Andrew Mould, managing partner at Ascert, says, "The development of the Automator product really began more than two years ago when we realized that the industry was at a standstill as far as increasing efficiencies in testing POS, EFT, and ATM systems.  We decided that an entirely new approach to test environment development and methods of automating processes was the only way to take great leaps forward. Our VersaTest Automator product is the end result of those efforts and it addresses those issues by introducing a whole new generation of testing systems and methodologies."

"We are pleased with the early results of the VersaTest Automator product," said Tibbetts. "As one of the first companies in the U.S. to take advantage of this technology, we believe this product provides us with a significant competitive advantage; especially in the area of new POS development and certification with third-party vendors and customers. The Automator product provides us duplication and reliability of processes every time we run a test."

To learn more about VersaTest Automator, read the datasheet on our website.

Level Four and Ascert Win Recognition for Innovation


The implementation of a combined end-to-end ATM testing solution at Barclays Bank from Level Four, the provider of open standards-based ATM testing software, and Ascert, has been selected by Finextra to feature in its first 'Innovation Showcase'. Finextra, the independent newswire and information source for the financial technology community, sought to highlight some of the most interesting financial technology developments over the past 12 months and chose the project to feature in its 'Retail Channel Delivery and Management' category.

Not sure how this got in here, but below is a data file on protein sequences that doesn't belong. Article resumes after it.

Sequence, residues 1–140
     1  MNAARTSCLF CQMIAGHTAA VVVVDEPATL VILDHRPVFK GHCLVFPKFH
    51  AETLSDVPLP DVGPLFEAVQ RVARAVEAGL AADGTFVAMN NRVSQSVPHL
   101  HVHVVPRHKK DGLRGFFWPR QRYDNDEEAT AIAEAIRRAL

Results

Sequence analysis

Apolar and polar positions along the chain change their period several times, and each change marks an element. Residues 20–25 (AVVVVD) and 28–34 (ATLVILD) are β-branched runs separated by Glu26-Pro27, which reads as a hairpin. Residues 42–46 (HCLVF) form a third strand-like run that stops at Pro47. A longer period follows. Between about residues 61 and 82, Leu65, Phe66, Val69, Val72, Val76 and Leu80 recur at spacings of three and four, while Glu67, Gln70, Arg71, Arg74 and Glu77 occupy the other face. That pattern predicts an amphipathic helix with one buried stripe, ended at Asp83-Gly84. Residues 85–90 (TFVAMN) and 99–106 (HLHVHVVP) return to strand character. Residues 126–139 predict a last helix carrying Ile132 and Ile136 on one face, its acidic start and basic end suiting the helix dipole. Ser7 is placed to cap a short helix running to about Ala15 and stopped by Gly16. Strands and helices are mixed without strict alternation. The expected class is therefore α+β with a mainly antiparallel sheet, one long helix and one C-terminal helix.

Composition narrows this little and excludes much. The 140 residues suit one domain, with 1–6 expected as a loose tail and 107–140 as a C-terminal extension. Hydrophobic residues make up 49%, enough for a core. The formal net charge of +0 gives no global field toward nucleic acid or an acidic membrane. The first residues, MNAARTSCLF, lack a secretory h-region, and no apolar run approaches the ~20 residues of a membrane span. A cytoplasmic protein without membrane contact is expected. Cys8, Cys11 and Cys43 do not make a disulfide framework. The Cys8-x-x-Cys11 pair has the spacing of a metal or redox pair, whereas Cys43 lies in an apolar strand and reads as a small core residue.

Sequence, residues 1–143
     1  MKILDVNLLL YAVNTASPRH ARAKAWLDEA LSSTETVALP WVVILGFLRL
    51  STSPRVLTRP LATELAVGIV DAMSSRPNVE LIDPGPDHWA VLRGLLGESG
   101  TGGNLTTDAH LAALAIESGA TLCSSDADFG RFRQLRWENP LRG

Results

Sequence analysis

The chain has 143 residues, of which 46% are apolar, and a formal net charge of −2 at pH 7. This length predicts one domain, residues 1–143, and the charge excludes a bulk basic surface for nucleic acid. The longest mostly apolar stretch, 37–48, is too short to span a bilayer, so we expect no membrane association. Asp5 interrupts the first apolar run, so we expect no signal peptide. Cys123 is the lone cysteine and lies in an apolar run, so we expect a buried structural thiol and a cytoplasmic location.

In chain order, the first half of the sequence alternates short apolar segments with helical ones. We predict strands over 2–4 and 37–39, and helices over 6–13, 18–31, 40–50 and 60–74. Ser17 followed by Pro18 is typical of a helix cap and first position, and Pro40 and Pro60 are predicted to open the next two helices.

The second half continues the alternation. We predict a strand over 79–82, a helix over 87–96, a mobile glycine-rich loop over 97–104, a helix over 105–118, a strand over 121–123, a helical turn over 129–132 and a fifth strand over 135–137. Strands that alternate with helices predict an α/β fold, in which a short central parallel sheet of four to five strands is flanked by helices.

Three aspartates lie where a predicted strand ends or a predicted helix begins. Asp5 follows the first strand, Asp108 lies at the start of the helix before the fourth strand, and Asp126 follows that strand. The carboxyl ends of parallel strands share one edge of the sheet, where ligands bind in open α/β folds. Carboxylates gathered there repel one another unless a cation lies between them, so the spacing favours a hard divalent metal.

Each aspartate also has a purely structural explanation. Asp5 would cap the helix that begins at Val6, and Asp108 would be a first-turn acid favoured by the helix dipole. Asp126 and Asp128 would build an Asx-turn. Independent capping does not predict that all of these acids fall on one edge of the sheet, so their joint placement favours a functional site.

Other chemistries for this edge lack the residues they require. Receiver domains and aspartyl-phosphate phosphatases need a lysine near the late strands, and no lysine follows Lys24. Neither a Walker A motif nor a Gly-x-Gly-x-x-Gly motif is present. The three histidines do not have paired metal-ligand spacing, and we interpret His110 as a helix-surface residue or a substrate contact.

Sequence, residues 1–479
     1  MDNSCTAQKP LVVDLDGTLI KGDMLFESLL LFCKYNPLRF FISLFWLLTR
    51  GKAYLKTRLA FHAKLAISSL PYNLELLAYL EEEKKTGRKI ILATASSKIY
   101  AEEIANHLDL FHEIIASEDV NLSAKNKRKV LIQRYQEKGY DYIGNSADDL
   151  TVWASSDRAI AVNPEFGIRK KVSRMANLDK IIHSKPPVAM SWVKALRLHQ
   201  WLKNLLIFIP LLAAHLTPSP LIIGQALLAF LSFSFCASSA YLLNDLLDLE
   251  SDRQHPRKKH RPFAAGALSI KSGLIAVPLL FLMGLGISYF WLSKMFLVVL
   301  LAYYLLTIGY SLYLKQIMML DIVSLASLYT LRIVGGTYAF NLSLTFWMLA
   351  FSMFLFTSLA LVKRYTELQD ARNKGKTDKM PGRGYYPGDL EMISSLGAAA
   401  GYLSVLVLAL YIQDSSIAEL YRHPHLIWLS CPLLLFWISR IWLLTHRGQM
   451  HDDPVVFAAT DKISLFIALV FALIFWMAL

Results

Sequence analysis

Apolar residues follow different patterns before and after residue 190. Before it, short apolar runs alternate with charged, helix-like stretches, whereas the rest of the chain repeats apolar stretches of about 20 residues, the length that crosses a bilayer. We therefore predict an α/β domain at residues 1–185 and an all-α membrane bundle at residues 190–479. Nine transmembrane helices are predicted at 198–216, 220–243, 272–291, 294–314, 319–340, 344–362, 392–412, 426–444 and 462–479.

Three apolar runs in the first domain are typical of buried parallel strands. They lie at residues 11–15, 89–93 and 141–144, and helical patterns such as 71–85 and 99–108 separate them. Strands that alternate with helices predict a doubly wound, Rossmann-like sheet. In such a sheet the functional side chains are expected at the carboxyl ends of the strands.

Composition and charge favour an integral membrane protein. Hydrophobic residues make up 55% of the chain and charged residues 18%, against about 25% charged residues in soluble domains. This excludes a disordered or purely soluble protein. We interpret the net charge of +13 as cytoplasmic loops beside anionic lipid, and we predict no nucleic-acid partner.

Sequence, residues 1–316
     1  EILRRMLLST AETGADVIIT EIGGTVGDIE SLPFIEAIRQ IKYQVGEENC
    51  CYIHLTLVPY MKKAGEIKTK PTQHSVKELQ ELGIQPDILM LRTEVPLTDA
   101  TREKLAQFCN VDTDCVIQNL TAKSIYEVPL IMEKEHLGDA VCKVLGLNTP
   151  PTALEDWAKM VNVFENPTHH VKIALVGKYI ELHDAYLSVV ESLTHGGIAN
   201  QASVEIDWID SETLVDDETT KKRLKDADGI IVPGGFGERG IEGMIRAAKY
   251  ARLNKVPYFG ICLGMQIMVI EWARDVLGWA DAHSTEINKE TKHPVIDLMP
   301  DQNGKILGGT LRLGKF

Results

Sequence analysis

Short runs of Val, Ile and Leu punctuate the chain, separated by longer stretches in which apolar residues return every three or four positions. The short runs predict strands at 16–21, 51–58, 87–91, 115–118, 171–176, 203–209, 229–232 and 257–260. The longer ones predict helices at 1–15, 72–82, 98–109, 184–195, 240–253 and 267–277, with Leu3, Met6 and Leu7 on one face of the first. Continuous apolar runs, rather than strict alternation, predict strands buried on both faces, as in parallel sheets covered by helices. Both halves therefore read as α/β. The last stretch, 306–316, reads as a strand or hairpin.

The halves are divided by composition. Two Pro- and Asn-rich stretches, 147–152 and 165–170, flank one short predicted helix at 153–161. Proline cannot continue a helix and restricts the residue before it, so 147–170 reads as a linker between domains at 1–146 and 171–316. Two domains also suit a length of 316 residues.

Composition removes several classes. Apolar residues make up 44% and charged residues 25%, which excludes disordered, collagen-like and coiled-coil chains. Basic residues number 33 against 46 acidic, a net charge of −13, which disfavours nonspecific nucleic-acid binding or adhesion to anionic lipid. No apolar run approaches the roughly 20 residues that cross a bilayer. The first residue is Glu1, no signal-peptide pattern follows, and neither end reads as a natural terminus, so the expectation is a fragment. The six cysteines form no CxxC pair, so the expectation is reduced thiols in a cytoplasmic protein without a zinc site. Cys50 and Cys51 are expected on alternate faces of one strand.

Finextra summarized the project in its showcase feature: "Barclays has deployed an end-to-end automated testing solution from Level Four and Ascert to support the biggest ATM refresh project by a UK bank in over a decade. The bank is moving away from proprietary ATM software and migrating more than 3,000 ATMs to an open standards environment, implementing Windows and packaged software such as BASE24 and ProCash."

"The project is also unique in the extent of its collaboration between the bank and its technology partners, Level Four and Ascert. Together, they have developed an advanced strategy for the rapid testing of the entire end-to-end transaction process, taking automated ATM testing to a completely new level. The testing environment went into pilot stage in September. To cope with this complex environment, Barclays has implemented BRIDGE:test from Level Four to automate the testing of the entire ATM stack and VersaTest from Ascert for message and host testing."